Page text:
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A quarter of humanity
– by Eduardo Araral
The ASEAN-China Free Trade Agreement (ACFTA) is a deal between two giants. China is the most populous country in the world and has a fast growing economy. ASEAN (the Association of Southeast Asian Nations) comprises ten countries: Brunei, Indonesia, Thailand, Malaysia, the Philippines, Vietnam, Singapore, Cambodia, Laos and Myanmar. A significant number of Japanese, American and European multinational companies have set up production sites and distribution offices in the region. Combined, the ASEAN economies are larger than that of India.
The agreement is a milestone in several ways:
– ACFTA is the world’s largest in terms of population. China’s 1.3 billion people plus ASEAN’s 580 million add up to a quarter of humanity.
– In terms of nominal GDP, ACFTA is the third largest in the world – behind NAFTA and the EU.
– The agreement is significant in a geopolitical sense as it represents a consolidation of China’s increasing clout in Southeast Asia, edging out the USA to become ASEAN’s third largest trading partner behind Japan and the EU.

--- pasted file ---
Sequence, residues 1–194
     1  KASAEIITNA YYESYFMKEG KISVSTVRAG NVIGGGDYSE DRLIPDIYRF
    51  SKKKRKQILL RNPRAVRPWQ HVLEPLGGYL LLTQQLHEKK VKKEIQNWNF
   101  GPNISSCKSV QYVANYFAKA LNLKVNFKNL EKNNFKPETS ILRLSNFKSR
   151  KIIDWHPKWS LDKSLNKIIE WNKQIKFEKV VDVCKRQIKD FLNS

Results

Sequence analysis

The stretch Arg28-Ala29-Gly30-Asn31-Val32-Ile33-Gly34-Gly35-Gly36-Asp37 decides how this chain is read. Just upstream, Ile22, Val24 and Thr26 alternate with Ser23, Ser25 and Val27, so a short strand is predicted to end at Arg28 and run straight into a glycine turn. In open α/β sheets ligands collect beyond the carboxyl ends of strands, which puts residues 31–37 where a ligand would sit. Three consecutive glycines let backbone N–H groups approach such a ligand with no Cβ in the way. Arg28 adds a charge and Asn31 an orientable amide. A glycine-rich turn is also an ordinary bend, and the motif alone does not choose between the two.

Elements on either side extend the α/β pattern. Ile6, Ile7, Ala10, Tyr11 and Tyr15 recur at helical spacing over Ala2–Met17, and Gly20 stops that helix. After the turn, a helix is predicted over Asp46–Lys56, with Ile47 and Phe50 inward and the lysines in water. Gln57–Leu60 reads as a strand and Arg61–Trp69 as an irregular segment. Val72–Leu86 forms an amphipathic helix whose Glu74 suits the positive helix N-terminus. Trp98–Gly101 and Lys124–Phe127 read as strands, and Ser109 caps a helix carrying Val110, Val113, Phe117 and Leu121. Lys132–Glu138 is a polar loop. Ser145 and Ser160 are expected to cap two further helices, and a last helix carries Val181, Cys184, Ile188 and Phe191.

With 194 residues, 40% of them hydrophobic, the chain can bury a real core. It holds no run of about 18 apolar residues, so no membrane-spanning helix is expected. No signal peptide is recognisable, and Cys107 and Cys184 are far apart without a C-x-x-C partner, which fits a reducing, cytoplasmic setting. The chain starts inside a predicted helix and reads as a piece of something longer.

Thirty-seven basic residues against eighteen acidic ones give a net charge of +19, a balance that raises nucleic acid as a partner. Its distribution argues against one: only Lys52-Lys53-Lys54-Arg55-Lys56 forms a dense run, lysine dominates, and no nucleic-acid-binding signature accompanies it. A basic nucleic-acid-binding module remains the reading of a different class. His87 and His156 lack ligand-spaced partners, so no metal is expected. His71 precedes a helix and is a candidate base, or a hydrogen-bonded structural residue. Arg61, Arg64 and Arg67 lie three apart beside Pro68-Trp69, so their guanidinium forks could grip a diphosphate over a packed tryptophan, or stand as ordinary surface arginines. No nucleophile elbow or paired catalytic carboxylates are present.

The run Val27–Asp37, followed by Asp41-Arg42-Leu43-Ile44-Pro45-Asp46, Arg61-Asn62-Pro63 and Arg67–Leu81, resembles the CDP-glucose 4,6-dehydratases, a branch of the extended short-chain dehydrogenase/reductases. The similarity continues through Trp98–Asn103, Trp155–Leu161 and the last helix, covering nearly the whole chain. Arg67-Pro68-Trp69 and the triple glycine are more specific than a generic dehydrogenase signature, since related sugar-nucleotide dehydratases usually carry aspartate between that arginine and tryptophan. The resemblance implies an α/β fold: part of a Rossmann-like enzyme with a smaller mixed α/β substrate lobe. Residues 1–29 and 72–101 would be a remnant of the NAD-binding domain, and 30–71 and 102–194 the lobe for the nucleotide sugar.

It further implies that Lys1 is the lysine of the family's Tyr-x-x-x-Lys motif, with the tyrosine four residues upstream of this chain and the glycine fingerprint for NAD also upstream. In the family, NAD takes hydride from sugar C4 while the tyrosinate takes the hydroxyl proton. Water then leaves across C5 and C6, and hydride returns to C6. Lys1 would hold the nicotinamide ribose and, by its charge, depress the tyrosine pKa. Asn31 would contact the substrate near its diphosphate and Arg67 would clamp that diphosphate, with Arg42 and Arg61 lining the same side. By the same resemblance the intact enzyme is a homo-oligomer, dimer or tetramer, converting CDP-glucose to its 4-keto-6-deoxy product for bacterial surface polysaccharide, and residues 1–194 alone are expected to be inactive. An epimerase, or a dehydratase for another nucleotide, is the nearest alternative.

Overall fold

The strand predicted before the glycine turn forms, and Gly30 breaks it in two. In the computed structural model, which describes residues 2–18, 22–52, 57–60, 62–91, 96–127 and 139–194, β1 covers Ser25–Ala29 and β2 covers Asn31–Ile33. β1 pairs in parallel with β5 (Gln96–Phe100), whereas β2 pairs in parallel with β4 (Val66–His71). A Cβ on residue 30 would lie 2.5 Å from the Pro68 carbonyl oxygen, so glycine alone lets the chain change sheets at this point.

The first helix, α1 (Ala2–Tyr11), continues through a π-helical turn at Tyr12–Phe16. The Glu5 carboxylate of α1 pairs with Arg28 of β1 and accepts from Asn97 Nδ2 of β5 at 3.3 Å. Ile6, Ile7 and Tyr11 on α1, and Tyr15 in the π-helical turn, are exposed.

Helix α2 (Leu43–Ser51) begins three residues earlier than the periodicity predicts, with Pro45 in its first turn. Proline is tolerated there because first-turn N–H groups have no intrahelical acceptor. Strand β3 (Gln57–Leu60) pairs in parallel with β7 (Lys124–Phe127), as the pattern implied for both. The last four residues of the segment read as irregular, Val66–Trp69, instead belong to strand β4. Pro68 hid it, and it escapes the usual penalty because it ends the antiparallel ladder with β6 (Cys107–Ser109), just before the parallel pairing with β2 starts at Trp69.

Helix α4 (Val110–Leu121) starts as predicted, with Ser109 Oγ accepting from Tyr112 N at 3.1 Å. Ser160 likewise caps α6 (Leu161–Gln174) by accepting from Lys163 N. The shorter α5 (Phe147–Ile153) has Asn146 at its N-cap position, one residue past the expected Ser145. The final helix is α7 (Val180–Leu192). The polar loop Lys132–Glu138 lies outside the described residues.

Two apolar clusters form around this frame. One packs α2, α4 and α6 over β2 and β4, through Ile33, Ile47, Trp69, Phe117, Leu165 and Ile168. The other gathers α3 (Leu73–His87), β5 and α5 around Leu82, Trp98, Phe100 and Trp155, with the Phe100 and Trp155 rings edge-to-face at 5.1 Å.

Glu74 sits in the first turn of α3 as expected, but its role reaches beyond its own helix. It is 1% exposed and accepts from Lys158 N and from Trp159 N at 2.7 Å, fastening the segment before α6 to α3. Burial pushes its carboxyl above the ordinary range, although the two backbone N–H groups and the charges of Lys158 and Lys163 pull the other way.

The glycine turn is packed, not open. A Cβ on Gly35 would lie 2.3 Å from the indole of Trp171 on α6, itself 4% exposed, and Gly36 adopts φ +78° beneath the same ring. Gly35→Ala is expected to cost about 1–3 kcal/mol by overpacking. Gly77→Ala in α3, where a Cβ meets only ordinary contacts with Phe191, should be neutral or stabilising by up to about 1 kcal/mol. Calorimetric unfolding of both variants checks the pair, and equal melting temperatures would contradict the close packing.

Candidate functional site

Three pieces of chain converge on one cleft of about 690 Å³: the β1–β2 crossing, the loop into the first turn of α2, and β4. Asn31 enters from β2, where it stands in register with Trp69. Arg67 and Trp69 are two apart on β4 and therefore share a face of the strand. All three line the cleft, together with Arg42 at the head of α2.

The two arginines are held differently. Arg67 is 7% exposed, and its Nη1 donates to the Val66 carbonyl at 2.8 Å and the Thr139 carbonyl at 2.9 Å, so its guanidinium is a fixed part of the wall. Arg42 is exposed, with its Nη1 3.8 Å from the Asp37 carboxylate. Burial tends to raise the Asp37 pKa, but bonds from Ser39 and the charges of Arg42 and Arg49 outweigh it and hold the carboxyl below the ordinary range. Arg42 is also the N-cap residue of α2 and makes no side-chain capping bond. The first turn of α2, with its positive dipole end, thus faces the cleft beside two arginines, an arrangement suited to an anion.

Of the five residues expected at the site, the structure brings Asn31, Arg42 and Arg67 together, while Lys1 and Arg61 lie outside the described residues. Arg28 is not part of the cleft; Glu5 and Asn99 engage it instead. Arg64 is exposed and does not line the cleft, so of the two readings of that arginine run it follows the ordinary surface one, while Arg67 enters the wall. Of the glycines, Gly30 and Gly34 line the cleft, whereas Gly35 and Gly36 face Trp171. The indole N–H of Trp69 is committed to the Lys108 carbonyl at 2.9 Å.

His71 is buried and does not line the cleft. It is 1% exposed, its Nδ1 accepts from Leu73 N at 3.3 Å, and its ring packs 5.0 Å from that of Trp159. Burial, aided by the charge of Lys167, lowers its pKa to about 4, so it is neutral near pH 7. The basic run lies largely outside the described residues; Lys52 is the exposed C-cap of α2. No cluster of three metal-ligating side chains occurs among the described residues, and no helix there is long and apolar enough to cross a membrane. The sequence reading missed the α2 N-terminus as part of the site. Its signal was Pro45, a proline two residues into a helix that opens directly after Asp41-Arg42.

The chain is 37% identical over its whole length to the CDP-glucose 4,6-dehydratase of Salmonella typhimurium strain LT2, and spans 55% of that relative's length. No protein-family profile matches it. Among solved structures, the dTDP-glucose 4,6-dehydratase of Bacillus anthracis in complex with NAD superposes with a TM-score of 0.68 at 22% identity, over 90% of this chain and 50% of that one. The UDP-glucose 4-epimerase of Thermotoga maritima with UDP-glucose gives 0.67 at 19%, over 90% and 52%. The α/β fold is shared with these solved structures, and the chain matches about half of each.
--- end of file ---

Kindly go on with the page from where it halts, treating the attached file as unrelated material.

In the past decade, China’s share of ASEAN’s total trade increased from four per cent to 11.3 % while that of the USA declined from 15 to 10 %. Moreover, ASEAN’s trade deficit with China surged five times since 2000 while its trade surplus with the USA went down by 12 % over the same period. China, the world’s second largest economy behind the US, is also the world’s largest exporter, having displaced Germany in 2009.
In substantive terms, however, ACFTA was more a symbolic step. Trade analysts point out the fact that, while ACFTA takes down the tariffs that were already low, it does little to remove non-tariff barriers. Moreover, ACFTA will not apply to all ASEAN countries initially. In a second step in 2015, Cambodia, Vietnam, Laos and Myanmar will also reduce tariffs as the other ACFTA members have already done.
Nonetheless, ACFTA does send a signal to the rest of the world that countries in the region are capable of cooperating to reduce the transaction costs of doing business. The agreement’s overall impact on the Chinese and ASEAN economies will not be sudden and spectacular, but they will be felt over time. There will be winners and losers in certain sectors and countries.